We have already said that masses and dimensions of celestial bodies grow in the course of time, but this growth is very irregular. During galactic summer, the increase of substance is very small. During galactic winter, it is the largest. At that, the celestial bodies grow by three different ways. First, as a result of fall of other, small bodies onto their surfaces. The surfaces of Moon, Mercury and Mars, as well as planet satellites, sown with big and small meteorite craters, eloquently testify that falls of the solid bodies onto the surface of celestial bodies of the Solar System are quite frequent phenomena. Second, the celestial bodies increase their dimensions and masses owing to scooping the diffuse matter, as well as its condensation (accretion) onto the surfaces of celestial bodies during the intersection of gas-dust galactic plane and the gas-dust clouds at the periphery of Galaxy. The gain of substance is the greatest, when the celestial bodies cross the spiral branches of Galaxy.
As a result, the masses and dimensions of all the celestial bodies of the Solar System (and of all the other star-planet systems) increase. But they increase differently. Some bodies of the Solar System grow slower, the others – quicker. The gaseous bodies, i.e. the Sun and giant planets, grow quicker than the others. We have already seen above that all the celestial bodies (both silicate, ice and gaseous ones) not only acquire substance, but simultaneously lose it. The Sun is not an exception in this respect. The point is that the mass of the Sun is constantly, though slowly, reducing at the expense of radiation. Although the lost of Sun mass during galactic winter is insignificant, the overall lost of mass during galactic year is very appreciable. Nevertheless, in the course of all the galactic year, the Sun acquires more mass owing to accretion of interstellar substance than it loses during the same period, so that both mass, dimensions, luminosity and temperature the Sun increase gradually. This growth is especially noticeable when the Solar System sinks into a spiral branch of Galaxy during regular galactic winter.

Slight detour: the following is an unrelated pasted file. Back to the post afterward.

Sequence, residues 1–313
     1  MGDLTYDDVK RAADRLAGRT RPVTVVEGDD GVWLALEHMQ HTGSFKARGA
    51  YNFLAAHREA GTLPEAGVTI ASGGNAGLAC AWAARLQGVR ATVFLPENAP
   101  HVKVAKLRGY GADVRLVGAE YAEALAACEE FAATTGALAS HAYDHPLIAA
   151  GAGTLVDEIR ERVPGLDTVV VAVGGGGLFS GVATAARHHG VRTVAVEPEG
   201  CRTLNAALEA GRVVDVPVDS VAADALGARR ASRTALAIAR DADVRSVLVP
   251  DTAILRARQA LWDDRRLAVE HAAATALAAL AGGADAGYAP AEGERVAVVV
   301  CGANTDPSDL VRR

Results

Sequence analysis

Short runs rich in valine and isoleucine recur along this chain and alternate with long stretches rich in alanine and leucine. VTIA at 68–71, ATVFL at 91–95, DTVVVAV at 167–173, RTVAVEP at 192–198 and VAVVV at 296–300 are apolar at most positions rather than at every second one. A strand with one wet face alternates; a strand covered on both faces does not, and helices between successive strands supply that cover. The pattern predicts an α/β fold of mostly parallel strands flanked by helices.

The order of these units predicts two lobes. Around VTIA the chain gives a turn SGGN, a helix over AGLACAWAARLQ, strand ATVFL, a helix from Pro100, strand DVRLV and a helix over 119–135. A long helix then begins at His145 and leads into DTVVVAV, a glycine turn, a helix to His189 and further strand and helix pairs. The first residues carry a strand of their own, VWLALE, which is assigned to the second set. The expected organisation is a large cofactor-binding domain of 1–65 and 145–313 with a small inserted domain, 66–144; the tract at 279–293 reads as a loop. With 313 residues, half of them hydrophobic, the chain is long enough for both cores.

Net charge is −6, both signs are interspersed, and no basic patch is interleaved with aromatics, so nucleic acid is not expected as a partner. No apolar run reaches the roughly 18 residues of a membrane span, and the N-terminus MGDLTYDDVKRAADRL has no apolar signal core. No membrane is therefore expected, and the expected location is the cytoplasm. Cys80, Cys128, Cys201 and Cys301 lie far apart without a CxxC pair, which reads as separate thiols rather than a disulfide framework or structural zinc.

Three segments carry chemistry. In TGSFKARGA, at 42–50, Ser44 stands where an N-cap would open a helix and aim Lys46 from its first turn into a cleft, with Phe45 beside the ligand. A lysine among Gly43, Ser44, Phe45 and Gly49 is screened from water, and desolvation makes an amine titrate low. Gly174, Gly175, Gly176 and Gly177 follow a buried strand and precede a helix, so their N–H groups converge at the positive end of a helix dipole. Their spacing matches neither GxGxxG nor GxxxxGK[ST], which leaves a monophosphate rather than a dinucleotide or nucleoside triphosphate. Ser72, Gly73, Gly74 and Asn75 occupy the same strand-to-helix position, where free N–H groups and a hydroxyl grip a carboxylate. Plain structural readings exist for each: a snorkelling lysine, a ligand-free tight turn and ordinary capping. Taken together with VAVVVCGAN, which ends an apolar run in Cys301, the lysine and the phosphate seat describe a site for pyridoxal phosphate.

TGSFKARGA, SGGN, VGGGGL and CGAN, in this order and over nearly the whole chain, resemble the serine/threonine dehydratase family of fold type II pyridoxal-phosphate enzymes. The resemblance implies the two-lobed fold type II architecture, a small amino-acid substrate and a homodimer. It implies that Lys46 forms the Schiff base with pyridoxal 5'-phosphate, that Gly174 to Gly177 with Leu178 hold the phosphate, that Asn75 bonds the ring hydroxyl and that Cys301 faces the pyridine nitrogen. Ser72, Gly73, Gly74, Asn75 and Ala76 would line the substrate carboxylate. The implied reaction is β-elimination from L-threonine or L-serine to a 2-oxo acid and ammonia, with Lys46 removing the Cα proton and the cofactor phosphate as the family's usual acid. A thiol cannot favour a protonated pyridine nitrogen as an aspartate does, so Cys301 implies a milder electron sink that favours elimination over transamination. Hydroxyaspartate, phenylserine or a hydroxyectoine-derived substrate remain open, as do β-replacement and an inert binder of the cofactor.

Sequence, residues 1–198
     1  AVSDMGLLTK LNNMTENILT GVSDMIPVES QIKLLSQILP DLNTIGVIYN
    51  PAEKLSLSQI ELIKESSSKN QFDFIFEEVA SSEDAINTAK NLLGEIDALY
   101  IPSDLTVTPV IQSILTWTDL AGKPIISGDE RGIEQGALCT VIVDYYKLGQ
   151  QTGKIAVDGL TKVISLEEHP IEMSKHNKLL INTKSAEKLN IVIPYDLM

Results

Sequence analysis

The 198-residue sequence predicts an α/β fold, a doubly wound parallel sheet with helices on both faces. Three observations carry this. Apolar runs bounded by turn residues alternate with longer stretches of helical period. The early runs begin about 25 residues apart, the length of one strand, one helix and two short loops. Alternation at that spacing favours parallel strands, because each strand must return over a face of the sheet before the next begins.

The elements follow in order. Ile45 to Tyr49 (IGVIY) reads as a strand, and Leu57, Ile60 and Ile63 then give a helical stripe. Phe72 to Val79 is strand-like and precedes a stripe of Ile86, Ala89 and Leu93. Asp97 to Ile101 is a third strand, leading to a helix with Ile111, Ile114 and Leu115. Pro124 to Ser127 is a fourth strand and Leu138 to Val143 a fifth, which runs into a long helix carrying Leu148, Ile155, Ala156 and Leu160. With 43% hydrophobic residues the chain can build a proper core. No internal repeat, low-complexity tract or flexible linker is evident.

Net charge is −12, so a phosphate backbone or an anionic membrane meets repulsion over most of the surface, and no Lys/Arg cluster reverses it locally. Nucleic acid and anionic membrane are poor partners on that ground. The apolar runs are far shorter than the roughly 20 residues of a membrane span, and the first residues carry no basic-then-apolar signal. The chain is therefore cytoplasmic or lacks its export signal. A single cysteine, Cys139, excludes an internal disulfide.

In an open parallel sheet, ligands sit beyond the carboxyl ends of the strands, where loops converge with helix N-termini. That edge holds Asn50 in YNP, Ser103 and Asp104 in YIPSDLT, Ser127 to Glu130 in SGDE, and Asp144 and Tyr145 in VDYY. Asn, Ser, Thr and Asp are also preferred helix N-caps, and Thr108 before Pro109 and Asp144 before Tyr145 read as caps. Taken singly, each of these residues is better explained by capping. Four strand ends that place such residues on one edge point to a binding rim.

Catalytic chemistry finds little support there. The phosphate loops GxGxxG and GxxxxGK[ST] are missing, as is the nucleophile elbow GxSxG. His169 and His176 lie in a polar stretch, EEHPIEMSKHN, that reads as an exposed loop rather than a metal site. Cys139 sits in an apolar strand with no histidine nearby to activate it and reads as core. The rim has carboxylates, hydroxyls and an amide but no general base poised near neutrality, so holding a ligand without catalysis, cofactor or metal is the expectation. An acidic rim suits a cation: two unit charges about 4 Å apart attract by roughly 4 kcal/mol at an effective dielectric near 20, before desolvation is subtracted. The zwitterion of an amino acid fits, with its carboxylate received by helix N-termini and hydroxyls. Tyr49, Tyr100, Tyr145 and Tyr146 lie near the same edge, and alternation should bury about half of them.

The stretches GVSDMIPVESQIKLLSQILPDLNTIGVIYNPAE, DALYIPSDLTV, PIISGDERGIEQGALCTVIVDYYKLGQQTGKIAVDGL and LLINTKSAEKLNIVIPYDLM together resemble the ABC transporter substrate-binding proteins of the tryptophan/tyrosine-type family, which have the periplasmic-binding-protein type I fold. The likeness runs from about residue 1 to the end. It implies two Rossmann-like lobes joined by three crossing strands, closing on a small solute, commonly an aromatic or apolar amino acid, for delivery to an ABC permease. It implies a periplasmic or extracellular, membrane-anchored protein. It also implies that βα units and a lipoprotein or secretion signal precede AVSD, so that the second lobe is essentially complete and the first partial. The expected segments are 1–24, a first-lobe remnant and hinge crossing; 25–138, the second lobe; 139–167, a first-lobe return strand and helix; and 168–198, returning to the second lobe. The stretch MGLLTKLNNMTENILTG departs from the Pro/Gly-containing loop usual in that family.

The ice bodies of Solar System grow slower than gaseous ones do. The giant planets and the Sun increase their masses and dimensions at the expense of addition of all three components of cosmic precipitations: gaseous, ice and silicate, while the ice bodies absorb only silicate and ice components. The gaseous component is being quickly lost by these bodies, with the exception of the part that is converted to ice component. This waste is explained by small masses and, consequently, gravitational forces of these bodies. Therefore, gases having fallen into their surface dissipate from it to interplanetary space, since the speed of atoms and molecules of gaseous component reaches the second cosmic speeds for the surfaces of ice celestial bodies of the Solar System.
Still slower is the growth of masses of silicate bodies of the Solar System, including the terrestrial planets, since they lose not only gaseous, but also ice (entirely or partially) component. Only the biggest of them: Earth, Venus and, apparently, Mars are able to hold some part of ice component at their surfaces.
Thus, the celestial bodies increase their masses and dimensions irregularly. The quickest is the growth of gaseous bodies; the slowest is that of silicate bodies. Of all the planets of the Solar System, known so far, Pluto takes an intermediate position. It grows slower than giant planets, but quicker than terrestrial planets.
In distant future, the planets of Solar System will increase their masses; in distant past everything was vice versa: their masses were much smaller than today. There was time when the mass of Jupiter was equal to the present-day mass of Saturn; still earlier it was even smaller. Saturn was once as big as modern Neptune, etc. The question may arise: if the Sun was much smaller in the past, then its luminosity should be much less as well and it should be too cold on Earth; but the latter contradicts the scientific data.
If, for example, the Sun mass was half of the modern value 1 billion years ago, then its luminosity was 8 times as less and any life on Earth would be impossible. But the Sun mass grows much slower: by fractions of percent during one galactic year. Rapid growth takes place only when the Solar System crosses the spiral branches of Galaxy; the last such event occurred about 4 to 5 billion years ago.